When a Ship Is Decommissioned
The life cycle of a US Navy ship begins when its keel is laid down for construction. After construction is completed, she’s launched into the open water, where she undergoes a shakedown cruise to test her performance at sea. Finally, when she's deemed to be ready, the ship is commissioned into service. This is the point at which the vessel becomes an official part of the United States Armed Forces, serving the Navy in conflicts, escort runs, and training operations. When her service is no longer needed, the vessel is decommissioned. What happens, exactly, at that point?
The Life of USS West Virginia
Let’s look at USS West Virginia (BB-48), a battleship that survived the Pearl Harbor attack.
The keel for the new battleship was laid down on April 12, 1920, and she was launched on November 19, 1921. USS West Virginia was commissioned into service on December 1, 1923 and after 24 years in the Navy, she was decommissioned on January 9, 1947.
After her service in the Pacific, West Virginia was no longer needed by the Navy. When she was decommissioned, she was placed into the Pacific Reserve Fleet. She remained in the Navy’s inventory of ships until her name and hull designation were struck from the Naval Vessel Register March of 1959.
Between 1947 and 1959, West Virginia was inactive, because she had been decommissioned. To free up resources and reduce the cost of maintenance and operation, unused ships are taken out of active service. Sometimes, a decommissioned ship sits idle for years before anything is done with it. In the case of West Virginia, 12 years passed before she was finally sold to a private company for salvage.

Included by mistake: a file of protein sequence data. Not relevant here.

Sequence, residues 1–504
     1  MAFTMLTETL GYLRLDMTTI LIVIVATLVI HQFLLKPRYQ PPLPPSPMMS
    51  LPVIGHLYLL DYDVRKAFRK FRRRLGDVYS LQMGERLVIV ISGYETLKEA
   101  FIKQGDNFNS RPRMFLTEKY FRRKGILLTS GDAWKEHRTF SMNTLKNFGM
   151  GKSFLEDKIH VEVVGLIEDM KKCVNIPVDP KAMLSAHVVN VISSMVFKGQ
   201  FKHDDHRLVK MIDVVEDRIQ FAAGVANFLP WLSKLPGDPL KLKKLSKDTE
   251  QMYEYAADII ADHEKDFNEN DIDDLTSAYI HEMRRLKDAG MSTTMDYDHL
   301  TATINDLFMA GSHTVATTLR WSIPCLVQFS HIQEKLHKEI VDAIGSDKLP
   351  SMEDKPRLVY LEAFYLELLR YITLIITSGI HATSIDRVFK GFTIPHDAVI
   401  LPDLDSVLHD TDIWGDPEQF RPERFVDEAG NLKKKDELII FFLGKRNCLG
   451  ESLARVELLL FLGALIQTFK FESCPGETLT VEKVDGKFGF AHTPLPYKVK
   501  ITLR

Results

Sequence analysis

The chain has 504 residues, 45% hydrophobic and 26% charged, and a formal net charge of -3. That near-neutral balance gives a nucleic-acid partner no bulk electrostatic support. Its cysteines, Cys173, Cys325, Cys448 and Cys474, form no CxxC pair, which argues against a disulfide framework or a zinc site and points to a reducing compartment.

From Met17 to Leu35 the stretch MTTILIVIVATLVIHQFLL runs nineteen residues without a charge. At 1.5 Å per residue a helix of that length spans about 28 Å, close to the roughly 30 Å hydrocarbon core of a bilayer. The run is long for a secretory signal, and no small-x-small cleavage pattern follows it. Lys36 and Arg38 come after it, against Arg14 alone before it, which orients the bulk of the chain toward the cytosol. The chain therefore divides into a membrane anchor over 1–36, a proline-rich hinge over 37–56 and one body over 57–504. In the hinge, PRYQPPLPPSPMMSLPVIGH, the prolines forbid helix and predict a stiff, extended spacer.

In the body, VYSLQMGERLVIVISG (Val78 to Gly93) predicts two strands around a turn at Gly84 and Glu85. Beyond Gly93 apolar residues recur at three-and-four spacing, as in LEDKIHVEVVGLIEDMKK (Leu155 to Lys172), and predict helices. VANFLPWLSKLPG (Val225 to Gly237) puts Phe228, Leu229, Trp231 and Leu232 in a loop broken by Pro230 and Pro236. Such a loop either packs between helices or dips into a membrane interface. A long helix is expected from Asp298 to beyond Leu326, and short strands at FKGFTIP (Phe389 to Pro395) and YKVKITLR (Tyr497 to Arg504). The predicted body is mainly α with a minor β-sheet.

What Happens with a Decommissioned Ship's Name?
When a ship is struck from the Naval Vessel Register, her name (but not her hull designation) is freed up for use on a future ship. Names are often reused over and over again. The name West Virginia has been used by three vessels, including a cruiser from the early 20th century and a submarine commissioned in 1990.
What Happens Before a Ship Is Decommissioned?
Retiring a ship isn’t a quick task. Before she’s officially decommissioned, the ship enters a “cool down” period. As she’s being inactivated, she’ll sail to a naval facility where crews will remove usable parts.
Weapons and ammunition aren’t stored on a decommissioned ship and are transferred to a different vessel. Supplies from the inactivated vessel are distributed as needed. The same happens with the crew, which is reassigned to other ships. This typically happens in the order of crew member duties. A gunner, for instance, wouldn't remain on a ship after her guns have been removed.
How Long Until a Ship is Decommissioned?
There is no set timeline for a ship’s service to the Navy. It all depends on the number—and types—of active ships the Navy needs.
The battleship Missouri (BB-63), for instance, was in service on and off from 1944 to 1992. She was decommissioned and recommissioned before her final retirement, spending a total of 17 years in active service. USS West Virginia, on the other hand, was in service from 1923 to 1947, a total of 24 years.